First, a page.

Sociologists are not all in agreement about the extent to which the move towards new media is really a very significant or revolutionary change.
While some would argue that such changes have been transformational, Cornford and Robins (1999) argued that new media developments are evolutionary, rather than revolutionary. They argue that interactivity was present in older media forms, such as letters pages in newspapers, or write-in television programmes like Points of View. Furthermore, they suggested that new technology built on existing technology rather than being completely revolutionary.
Similarly, Boyle and Haynes (2004) have argued that new media have added to what was available from old media rather than replacing it (you can still watch television in the old way, as well as streaming and catch-up services on top of this). Both studies note that the main change, in terms of new media, is the speed of communication
However, it is worth noting that new media has continued to develop very rapidly since both these studies. For example, Cornford and Robins pointed out that people accessed the internet via telephone cables (which is old technology) but increasingly this is not the case.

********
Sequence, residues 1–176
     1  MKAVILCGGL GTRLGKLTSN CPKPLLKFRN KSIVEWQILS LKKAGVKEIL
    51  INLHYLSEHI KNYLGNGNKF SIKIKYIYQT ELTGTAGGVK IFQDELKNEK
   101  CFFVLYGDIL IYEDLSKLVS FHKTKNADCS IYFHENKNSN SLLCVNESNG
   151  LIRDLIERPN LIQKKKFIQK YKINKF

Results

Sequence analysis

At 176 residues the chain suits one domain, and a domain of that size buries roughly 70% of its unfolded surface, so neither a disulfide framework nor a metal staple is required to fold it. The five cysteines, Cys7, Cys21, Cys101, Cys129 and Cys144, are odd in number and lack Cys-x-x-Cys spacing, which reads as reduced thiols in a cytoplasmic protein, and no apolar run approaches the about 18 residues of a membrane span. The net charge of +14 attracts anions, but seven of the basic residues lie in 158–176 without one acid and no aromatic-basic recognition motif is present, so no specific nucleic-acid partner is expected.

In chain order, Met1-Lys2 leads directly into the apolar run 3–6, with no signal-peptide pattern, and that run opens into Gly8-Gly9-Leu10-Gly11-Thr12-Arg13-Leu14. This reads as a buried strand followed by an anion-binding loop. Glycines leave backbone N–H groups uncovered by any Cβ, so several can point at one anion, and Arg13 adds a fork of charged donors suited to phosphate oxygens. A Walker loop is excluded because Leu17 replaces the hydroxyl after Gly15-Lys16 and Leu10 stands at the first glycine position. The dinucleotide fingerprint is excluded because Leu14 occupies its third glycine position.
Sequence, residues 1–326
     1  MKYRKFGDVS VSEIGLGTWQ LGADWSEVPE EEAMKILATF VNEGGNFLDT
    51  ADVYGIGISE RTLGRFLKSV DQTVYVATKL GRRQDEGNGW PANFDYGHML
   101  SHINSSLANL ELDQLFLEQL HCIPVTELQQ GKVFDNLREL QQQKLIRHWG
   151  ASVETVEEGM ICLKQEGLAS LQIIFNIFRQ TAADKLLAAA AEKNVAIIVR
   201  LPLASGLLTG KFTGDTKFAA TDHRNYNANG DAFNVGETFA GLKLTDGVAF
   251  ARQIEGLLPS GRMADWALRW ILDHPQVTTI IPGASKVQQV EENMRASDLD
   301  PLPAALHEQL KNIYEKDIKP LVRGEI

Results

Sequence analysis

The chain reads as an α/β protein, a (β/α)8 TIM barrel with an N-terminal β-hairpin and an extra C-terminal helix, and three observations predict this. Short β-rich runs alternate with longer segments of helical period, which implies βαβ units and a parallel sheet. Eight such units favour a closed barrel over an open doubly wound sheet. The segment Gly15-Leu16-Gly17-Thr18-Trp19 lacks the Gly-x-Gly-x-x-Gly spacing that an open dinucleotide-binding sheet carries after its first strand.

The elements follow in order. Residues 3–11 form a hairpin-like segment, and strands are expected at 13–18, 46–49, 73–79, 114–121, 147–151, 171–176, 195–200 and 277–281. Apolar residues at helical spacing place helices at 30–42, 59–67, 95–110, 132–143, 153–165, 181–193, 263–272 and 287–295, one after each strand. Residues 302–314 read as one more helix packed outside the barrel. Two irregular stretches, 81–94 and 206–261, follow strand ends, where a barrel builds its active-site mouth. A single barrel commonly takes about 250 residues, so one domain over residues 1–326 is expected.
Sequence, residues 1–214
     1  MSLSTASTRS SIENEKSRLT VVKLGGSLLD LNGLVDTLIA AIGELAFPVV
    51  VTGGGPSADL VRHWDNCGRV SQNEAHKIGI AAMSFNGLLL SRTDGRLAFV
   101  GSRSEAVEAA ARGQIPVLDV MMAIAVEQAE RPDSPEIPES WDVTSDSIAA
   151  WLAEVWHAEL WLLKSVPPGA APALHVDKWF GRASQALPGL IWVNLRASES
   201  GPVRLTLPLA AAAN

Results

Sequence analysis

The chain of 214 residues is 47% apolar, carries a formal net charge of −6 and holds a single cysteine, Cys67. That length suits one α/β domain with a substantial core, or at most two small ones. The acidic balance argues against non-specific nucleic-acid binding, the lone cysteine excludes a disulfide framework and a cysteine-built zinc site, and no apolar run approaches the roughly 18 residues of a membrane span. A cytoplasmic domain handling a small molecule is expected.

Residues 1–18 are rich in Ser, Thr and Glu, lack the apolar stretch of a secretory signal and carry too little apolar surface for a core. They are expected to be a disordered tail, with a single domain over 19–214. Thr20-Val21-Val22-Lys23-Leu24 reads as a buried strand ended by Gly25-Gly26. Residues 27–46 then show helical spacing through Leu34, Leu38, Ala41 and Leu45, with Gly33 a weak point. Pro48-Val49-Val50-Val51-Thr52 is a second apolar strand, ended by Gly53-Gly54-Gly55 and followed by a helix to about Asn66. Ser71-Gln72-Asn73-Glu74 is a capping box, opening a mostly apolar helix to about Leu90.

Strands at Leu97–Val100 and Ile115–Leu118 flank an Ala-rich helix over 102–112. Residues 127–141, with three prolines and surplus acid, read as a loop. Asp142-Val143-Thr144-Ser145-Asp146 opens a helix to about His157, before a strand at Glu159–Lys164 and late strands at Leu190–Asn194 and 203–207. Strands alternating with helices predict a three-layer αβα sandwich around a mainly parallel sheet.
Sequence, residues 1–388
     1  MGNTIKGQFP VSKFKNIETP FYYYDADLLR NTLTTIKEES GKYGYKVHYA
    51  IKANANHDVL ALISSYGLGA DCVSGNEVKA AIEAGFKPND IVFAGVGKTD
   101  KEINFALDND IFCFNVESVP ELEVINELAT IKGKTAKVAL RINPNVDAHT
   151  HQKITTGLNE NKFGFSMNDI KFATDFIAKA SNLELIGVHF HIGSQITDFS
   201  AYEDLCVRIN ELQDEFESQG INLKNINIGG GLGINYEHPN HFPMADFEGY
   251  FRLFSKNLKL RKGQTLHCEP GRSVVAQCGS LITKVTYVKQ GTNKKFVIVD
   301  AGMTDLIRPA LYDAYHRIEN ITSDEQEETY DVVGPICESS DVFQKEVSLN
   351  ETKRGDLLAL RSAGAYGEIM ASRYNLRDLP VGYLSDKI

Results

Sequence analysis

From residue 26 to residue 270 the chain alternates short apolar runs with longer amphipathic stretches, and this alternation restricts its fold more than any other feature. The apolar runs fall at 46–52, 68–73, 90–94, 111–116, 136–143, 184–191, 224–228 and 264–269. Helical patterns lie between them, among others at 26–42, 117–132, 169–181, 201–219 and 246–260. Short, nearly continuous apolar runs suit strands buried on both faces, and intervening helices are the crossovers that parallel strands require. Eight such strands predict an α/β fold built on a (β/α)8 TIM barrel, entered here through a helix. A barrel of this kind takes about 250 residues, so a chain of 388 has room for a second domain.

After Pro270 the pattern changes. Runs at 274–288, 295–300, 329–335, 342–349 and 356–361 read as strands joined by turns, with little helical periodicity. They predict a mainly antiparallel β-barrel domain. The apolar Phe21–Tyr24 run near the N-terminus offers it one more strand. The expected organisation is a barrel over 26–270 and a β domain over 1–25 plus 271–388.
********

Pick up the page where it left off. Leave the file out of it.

Another way in which some have suggested the significance of the new media may be overstated is in relation to the inequality of access to it, although again this is something that is changing very rapidly. New media is used much more frequently by young people than older people, for instance. Some suggest this can lead to a digital underclass because important tasks like banking, shopping, paying road tax, registering to vote or getting a passport are done online.
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